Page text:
But.  There’s always a “but,” isn’t there?  The “but” here is that it is important to devise an efficient strategy for creating and updating the archive.  Otherwise, you could be missing important things or spending more money than you need to.  It could also turn into a logistical nightmare, if not planned properly.  Also, there are Internet-based services that will put your data onto permanent discs with periodic updates, easing the logistics, but of course, they are Internet-based, requiring ALL of the important data you want to archive to be IN THE CLOUD, something I strongly discourage.


So, how does one safely and conveniently archive one’s data using this new technology.  You have options.  Here are the two most reasonable: 1) purchase the MDisc burner and the discs, along with software that is capable of doing periodic backups in an appropriate way (a little too complicated to explain here).  Do an initial backup of everything, then periodic backups of new files.  The right software will be able to do this for you.  All you have to do is remember to insert a blank MDisc before the periodic backup starts.  Setting this up, including deciding what and when to archive, might be a little tricky, but you can hire someone to help with that.  2) use a service.  I’ve already said that I don’t trust the cloud, so in this case using a service means that someone will come to your home to do the archive, or you will take your backup drive to someone to do the archive.  The advantages are that no equipment or media need to be purchased, set up or maintained, and that there is little chance of human error.  The disadvantages are that it does not work automatically, as does the online approach, and that it likely will cost more than an online service because a human operator is involved.  This option might be best suited to relatively stable bodies of data, which do not require frequent updates.  If, for example, you have a body of creative work that you simply want to hold onto for a long time, then hiring someone to do the archive is much easier than setting up the system in your home.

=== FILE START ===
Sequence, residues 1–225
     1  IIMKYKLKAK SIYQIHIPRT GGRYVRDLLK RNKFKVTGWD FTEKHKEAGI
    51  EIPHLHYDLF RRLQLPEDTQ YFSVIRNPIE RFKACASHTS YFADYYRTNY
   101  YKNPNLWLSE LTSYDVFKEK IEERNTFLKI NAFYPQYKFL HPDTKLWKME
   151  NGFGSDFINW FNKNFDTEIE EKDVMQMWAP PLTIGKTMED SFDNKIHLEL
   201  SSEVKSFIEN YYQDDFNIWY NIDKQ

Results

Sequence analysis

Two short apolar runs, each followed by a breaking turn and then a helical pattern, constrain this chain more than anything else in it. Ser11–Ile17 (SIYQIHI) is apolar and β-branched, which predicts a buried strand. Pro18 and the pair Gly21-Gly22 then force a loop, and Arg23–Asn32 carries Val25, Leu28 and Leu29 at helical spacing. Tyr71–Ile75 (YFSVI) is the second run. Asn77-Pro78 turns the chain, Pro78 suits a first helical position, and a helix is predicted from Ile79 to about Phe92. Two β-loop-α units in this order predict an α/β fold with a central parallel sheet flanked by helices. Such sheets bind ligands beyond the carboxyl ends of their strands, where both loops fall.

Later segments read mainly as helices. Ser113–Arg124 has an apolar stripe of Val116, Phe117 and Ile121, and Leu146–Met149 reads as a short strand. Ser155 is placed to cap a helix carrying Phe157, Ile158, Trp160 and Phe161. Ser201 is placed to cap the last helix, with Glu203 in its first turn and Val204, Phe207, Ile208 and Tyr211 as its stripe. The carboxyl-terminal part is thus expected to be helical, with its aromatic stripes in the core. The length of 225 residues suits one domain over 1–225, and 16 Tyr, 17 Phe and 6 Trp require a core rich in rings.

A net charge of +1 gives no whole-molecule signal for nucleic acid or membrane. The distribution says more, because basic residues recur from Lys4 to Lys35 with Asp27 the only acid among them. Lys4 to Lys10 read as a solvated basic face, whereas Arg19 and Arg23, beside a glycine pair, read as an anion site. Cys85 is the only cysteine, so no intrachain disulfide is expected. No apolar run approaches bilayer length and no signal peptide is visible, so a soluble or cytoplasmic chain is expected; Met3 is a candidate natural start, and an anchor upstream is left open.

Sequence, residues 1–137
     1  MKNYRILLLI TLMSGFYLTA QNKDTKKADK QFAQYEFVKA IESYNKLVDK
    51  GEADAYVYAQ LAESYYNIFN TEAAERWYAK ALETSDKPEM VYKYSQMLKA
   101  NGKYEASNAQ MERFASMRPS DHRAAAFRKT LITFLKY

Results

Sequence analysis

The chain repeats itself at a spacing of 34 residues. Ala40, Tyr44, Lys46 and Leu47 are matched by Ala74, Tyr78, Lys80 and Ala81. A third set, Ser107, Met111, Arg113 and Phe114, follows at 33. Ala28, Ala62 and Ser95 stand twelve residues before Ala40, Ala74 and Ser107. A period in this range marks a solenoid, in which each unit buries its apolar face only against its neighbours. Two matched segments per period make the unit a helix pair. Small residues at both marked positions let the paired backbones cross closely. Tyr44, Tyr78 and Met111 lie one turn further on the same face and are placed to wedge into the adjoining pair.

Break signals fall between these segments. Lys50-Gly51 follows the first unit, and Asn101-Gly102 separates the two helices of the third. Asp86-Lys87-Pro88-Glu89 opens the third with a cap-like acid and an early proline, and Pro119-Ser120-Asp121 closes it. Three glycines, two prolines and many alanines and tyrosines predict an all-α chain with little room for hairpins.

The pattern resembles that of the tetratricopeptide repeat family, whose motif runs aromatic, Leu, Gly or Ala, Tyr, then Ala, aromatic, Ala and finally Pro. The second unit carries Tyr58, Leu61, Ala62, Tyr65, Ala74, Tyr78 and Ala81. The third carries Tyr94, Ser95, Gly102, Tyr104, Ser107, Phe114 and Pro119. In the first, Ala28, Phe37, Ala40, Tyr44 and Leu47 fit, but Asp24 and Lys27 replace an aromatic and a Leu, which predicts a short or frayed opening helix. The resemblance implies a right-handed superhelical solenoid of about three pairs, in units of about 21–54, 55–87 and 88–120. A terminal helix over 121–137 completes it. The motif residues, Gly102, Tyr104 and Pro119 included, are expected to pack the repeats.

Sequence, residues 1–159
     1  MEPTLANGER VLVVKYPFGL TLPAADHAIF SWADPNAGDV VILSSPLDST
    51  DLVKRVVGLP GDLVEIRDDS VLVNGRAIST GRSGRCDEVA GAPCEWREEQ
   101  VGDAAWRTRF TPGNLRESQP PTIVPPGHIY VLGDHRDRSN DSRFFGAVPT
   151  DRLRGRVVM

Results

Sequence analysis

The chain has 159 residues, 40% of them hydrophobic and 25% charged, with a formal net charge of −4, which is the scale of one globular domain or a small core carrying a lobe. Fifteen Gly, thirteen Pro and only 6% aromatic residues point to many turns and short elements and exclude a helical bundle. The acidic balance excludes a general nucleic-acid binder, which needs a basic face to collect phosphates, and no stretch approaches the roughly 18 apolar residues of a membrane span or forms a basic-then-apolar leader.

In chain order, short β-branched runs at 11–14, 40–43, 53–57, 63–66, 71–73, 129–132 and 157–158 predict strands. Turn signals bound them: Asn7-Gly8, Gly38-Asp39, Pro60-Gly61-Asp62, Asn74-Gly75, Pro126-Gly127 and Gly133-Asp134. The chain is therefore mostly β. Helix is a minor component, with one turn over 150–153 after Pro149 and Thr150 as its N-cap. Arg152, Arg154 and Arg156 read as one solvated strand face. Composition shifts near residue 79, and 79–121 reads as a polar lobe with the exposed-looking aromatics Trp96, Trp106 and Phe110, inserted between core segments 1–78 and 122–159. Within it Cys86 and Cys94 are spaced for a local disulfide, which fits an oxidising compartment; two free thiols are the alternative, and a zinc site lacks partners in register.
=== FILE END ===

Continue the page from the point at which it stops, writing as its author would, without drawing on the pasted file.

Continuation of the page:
Rule of thumb: if you need to update your archive more often than twice a year, you may want to own the equipment; otherwise, you may be better off hiring a local service.


Of course, Compu_Doctor offers all manner of services related to long-term data archival.

The Truth About Computer Scams

November 24th, 2015

The simple truth is that our species produces quite a large number of extremely selfish, anti-social humans with no moral character.  These people find their way into every aspect of our society.  They tend to be the earliest of early adopters, exploiting new technologies for personal gain long before the rest of the world realizes something is amiss.  Some of the biggest offenders are the companies with which we do business every day.  They would be the devil that you know.  The devil that you don’t know is the cadre of hackers and scammers that comprise this century’s snake oil salesmen.  They sound so legitimate on the phone.  They seem to know all sorts of things about your computer.  They are so friendly and helpful.  They have such nice hair.  It doesn’t matter what they say, what they sound like or what they promise; every one of these scammers is a professional con artist that knows what to say, what to sound like and what to promise to have the greatest likelihood of getting money from you.  They will try to scare you- very politely, of course.  They will try to intimidate you (because they speak with such authority- who are you to question what they say?).  They will quickly size you up and do their best to appeal to what they perceive is your most vulnerable sensitivity.  One thing that they absolutely will NOT do under any circumstances is help you with your computer.  It’s not in their job description.